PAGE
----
Another Constructors' title followed in 1983, but from there the team failed to mount a serious challenge for the Drivers' crown following Michele Alboreto's efforts in 1985.

Enzo Ferrari passed away in August 1988 at the age of 90, increasing Fiat's shares in the company to 90 percent. Gerhard Berger and Alboreto completed a famous one-two at the Italian Grand Prix less than a month after Enzo's passing, with the Austrian dedicating the win - the only one by a team other than McLaren in 1988 - to the late founder.

Ferrari brought Alain Prost in to partner Nigel Mansell for the 1990 season, and the reigning world champion entered the penultimate round of the season in Japan nine points behind rival and former McLaren teammate Ayrton Senna. A controversial collision on the first lap ended Ferrari's hopes for a world title, with Prost forced to settle for second.

Jean Alesi was brought in to replace Mansell in 1991, and Prost failed to see out the season after he was fired prior to the Australian Grand Prix after falling out with the team. Ferrari failed to win a race in 1991, a trend that continued in 1992 and 1993.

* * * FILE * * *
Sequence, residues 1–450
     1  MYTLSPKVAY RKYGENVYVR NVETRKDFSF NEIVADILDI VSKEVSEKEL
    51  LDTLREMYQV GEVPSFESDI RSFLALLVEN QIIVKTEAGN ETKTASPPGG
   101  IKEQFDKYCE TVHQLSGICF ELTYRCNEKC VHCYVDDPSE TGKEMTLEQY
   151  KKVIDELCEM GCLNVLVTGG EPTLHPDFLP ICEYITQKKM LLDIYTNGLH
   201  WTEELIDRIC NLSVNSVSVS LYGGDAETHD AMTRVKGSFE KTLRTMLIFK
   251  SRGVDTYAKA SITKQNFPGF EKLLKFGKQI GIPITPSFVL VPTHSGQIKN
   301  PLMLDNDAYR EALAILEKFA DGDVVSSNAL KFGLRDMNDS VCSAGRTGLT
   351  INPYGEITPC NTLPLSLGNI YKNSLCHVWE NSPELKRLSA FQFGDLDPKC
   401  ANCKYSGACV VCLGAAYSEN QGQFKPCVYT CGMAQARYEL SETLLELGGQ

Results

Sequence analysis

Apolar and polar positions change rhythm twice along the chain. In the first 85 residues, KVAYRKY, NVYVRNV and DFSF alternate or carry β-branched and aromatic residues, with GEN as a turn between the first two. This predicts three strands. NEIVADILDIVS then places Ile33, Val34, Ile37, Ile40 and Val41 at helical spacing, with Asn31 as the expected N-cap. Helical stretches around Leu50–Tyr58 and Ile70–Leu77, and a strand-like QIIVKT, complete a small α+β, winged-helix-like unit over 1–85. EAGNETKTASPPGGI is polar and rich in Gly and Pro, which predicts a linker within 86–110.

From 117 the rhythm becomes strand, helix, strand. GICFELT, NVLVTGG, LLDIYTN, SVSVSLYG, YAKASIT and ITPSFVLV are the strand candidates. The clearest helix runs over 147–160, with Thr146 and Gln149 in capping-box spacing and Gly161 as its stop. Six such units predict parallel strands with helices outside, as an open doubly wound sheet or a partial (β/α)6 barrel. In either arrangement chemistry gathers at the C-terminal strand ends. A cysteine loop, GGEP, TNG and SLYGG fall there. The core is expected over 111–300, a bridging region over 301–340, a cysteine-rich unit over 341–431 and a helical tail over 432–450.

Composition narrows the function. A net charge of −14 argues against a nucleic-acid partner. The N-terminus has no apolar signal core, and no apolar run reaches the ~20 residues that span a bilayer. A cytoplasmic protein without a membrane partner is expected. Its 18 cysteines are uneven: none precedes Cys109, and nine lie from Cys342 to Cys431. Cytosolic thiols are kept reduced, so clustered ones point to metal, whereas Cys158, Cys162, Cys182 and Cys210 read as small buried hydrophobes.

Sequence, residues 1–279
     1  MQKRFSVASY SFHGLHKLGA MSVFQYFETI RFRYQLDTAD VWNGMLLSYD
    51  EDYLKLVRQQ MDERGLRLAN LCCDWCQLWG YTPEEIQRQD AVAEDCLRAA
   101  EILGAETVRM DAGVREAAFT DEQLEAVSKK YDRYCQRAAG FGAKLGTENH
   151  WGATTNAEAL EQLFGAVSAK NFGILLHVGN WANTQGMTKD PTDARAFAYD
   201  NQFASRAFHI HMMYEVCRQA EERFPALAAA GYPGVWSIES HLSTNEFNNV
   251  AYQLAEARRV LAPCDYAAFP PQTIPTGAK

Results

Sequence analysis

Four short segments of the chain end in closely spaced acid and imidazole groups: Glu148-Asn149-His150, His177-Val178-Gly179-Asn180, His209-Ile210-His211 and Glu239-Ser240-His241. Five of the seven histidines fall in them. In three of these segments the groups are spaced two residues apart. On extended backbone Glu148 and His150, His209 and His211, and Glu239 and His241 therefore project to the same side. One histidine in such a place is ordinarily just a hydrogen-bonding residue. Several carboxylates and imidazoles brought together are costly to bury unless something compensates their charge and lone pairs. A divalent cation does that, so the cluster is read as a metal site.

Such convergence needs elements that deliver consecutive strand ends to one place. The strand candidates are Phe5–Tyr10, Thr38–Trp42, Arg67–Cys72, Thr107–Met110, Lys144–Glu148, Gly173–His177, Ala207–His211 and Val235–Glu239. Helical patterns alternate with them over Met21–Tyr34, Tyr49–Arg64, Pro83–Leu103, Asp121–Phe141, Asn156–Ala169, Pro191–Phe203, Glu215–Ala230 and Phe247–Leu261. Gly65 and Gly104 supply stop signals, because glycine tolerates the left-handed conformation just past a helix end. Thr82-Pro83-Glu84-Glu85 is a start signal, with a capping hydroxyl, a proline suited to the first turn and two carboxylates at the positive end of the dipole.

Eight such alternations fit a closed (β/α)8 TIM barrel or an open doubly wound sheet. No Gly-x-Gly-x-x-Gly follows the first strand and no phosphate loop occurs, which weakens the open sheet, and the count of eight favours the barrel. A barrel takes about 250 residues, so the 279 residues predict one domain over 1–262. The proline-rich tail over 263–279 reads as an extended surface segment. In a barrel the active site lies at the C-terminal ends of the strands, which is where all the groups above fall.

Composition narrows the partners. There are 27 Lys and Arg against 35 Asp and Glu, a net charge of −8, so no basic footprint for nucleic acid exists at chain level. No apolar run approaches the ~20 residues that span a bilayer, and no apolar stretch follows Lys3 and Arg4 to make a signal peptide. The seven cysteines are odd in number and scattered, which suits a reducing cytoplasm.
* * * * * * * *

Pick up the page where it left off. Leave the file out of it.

Berger was brought in to partner the Frenchman in 1993, while Jean Todt was hired as team principal - the first of several moves that would lead to the team's renaissance. Berger won the 1994 German Grand Prix, while Alesi took the 1995 Canadian Grand Prix though the team was never in championship contention either season.

Schumacher joins and writes Ferrari history

The 1996 season saw Ferrari overhaul their driver line-up with two-time defending World Champion Michael Schumacher brought in with Eddie Irvine. The German, who won both titles while with Benetton, was joined by several of the team's technical staff including technical director Ross Brawn and chief designer Rory Byrne.

While the Ferrari F310 wasn't great in terms of reliability, Schumacher managed to claim three victories in Spain, Belgium and the friendly confines of Italy - the team's first win at Monza since 1988.